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A Conversation With: Jacklyn Marceau

One woman reflects on her life as an exotic dancer, professor and author

Photo by Whitney Hayward

Jacklyn Marceau balances life as a mother, wife, author, professor and stripper. She is now writing a memoir about taking on these roles.

December 5, 2013 | 12:00 a.m. CST

Exotic dancer. Stripper. Jacklyn Marceau doesn’t get hung up on titles. For Marceau, stripping at Club Vogue is just one extra role to tack onto her list of others: an English professor at Stephens College, mom, wife and author. She is in the process of writing a memoir. Tina Parke-Sutherland was Marceau’s professor at Stephens College when Marceau, 36, was an undergraduate and began her book. After almost a decade they are still friends and co-workers. “It’s about being kind of two identities — having a stripper identity and a nonstripper identity — and working through everything to try and merge the two,” Parke-Sutherland says. And after 16 years of dancing, Marceau opens up about those two identities.

Produced by Nicole Lunger

What parallels do you see between your jobs?
I have such a liberated idea of what it means to be a woman, and I feel really comfortable in my own sexuality, and I teach at a liberal arts women’s college. People at Stephens tend to be open and more honest about sexuality just because we are often talking about women’s issues. At Stephens, we tend to focus on the female perspective of those things, and though that industry seems like a male-dominated industry, it’s very female-generated. There’s a whole lot of the same thematic elements: very comfortable and open talking about sexuality, very comfortable with nudity and thinking about sexual anatomy.

What are common misconceptions people have about stripping?
It’s really easy to break it down to what people know from episodes of The Sopranos, which illustrate these women as topless, faceless, voiceless ornaments. Obviously, there has to be some type of depth there, like we are human beings. We’re not all survivors of sexual abuse. We’re not all addicted to drugs. We’re not all teen moms though some of those ideas are true. But if you put together a group of 30 women, some of those ideas would also be true about those 30 women who aren’t part of that industry. I think that those sort of negative ideas get exacerbated by the media.

What made you choose stripping as opposed to any other job?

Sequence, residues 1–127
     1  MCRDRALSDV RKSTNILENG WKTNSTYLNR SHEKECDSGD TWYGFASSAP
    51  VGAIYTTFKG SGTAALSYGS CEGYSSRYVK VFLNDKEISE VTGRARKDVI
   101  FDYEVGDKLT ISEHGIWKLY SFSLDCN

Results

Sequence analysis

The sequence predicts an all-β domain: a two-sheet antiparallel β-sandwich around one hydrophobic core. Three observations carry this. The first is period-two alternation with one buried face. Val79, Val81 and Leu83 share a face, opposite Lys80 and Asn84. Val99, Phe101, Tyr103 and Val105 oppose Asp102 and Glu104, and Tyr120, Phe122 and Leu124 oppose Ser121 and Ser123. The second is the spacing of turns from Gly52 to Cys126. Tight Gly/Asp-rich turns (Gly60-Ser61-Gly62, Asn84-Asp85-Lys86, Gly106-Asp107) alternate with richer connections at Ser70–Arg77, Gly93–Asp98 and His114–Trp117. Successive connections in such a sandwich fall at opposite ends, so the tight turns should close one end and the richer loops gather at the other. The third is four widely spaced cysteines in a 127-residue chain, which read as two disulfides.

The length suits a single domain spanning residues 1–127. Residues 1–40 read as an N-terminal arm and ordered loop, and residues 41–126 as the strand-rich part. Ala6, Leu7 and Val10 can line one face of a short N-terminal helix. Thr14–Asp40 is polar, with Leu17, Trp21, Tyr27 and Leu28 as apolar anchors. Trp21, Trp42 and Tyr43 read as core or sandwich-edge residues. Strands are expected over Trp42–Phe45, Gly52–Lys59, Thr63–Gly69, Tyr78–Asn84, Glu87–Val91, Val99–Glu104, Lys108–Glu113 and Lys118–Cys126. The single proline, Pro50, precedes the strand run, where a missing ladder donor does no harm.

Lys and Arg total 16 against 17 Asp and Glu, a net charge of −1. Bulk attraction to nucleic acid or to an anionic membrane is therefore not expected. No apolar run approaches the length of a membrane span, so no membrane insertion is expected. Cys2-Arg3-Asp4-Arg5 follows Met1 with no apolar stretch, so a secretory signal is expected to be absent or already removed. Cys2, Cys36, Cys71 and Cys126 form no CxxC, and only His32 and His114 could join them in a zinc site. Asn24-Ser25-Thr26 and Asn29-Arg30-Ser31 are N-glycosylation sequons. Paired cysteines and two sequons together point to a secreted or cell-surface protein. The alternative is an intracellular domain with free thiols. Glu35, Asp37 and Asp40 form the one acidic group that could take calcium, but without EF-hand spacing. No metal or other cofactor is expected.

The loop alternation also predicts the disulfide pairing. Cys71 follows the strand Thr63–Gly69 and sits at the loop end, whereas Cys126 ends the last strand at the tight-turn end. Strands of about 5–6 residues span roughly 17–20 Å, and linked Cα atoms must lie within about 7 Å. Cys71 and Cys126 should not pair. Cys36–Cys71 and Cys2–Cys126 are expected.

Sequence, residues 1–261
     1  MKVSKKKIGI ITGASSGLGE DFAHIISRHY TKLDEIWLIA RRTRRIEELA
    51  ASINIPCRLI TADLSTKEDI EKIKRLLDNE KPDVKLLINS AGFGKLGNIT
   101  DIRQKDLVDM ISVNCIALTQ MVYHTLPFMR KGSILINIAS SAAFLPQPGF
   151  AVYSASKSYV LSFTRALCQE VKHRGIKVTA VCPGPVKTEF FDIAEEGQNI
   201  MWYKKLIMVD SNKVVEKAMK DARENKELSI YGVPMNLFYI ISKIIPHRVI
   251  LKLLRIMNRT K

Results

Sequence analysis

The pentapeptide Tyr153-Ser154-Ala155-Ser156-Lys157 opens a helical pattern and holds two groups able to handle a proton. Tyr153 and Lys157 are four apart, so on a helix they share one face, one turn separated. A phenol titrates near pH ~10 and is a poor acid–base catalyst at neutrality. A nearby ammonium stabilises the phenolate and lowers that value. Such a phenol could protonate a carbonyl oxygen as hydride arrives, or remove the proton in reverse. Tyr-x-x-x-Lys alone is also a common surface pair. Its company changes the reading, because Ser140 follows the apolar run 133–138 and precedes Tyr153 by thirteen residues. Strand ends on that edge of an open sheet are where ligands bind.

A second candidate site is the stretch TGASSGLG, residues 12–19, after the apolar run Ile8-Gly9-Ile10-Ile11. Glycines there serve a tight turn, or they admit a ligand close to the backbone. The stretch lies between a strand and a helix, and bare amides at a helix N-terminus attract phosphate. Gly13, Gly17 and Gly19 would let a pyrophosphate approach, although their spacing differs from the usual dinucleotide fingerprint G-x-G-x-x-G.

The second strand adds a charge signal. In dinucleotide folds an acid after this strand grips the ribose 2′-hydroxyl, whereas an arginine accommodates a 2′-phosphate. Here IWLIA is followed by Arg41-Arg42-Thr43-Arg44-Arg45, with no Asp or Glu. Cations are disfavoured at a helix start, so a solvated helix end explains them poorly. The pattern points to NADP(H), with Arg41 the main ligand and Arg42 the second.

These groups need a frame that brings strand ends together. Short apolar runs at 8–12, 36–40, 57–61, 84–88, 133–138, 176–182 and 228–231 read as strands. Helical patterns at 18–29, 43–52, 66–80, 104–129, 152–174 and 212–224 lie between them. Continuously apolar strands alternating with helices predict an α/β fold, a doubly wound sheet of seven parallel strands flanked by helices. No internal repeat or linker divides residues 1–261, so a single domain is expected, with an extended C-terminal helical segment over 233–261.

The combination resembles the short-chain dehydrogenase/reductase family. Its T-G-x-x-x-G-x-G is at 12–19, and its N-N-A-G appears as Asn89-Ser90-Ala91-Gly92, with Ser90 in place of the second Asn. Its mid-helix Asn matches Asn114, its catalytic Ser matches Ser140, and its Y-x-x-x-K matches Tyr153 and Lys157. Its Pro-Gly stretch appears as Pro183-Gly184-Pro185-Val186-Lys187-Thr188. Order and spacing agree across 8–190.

I worked for a nonprofit organization. I worked 8 to 5, and I made $250 take-home pay a week, which isn’t enough for somebody to try to take care of a child and feel like they’re ever getting ahead. It occurred to me very quickly that (by stripping) I could work less hours, spend more time at home and be able to do something with myself, be able to make enough money and save enough money to make larger decisions about what I want to do with my life.

When did you start writing your memoir?
I think the first story I wrote about that life was in a creative nonfiction class here when I was an undergraduate. I remember being really apprehensive about writing it for that class. But overwhelmingly the response was really positive, and (the class was) really intrigued by this world, and it hadn’t occurred to me before that time that there might be that sort of genuine interest and positive response to that job. It was always something that I felt was kind of my dirty secret. I didn’t really want people to know I was one of those people.

What do your children think about you being a stripper?
That’s the one area of my parenting life I tend to really try to keep separate because God knows what they know about strippers. The idea of them trying to apply the idea of what that is to what their mother is isn’t something I really want to think about. We don’t really discuss it that much. They didn’t ask to be my children, and so I would like to not have that in whatever way reflect upon them. I don’t want that to impede their lives in any way.

How long will you continue to be a stripper?
I am dead serious when I say there’s a horizon, and I’m approaching it, but that’s why I feel kind of comfortable talking to people about it, more comfortable than maybe five or 10 years ago just because I still felt this need for secrecy. I tell everyone I have this last football season, and then I’m done. My children are getting older, I’m getting older, and I’m ready for weekends. That’s when I go to work, so I’m looking forward to gardening on the weekends and getting up in the morning and not going to bed in the morning.

Comments on this article


    This is one of the best articles I have read in a while. I think a lot of people forget that strippers, dancers and even waiters have a full life outside of their jobs. And yet, so often we just sum them up into their career.

    Posted by Russell Perkins on Dec 6, 2013 at 9:03 a.m. (Report Comment)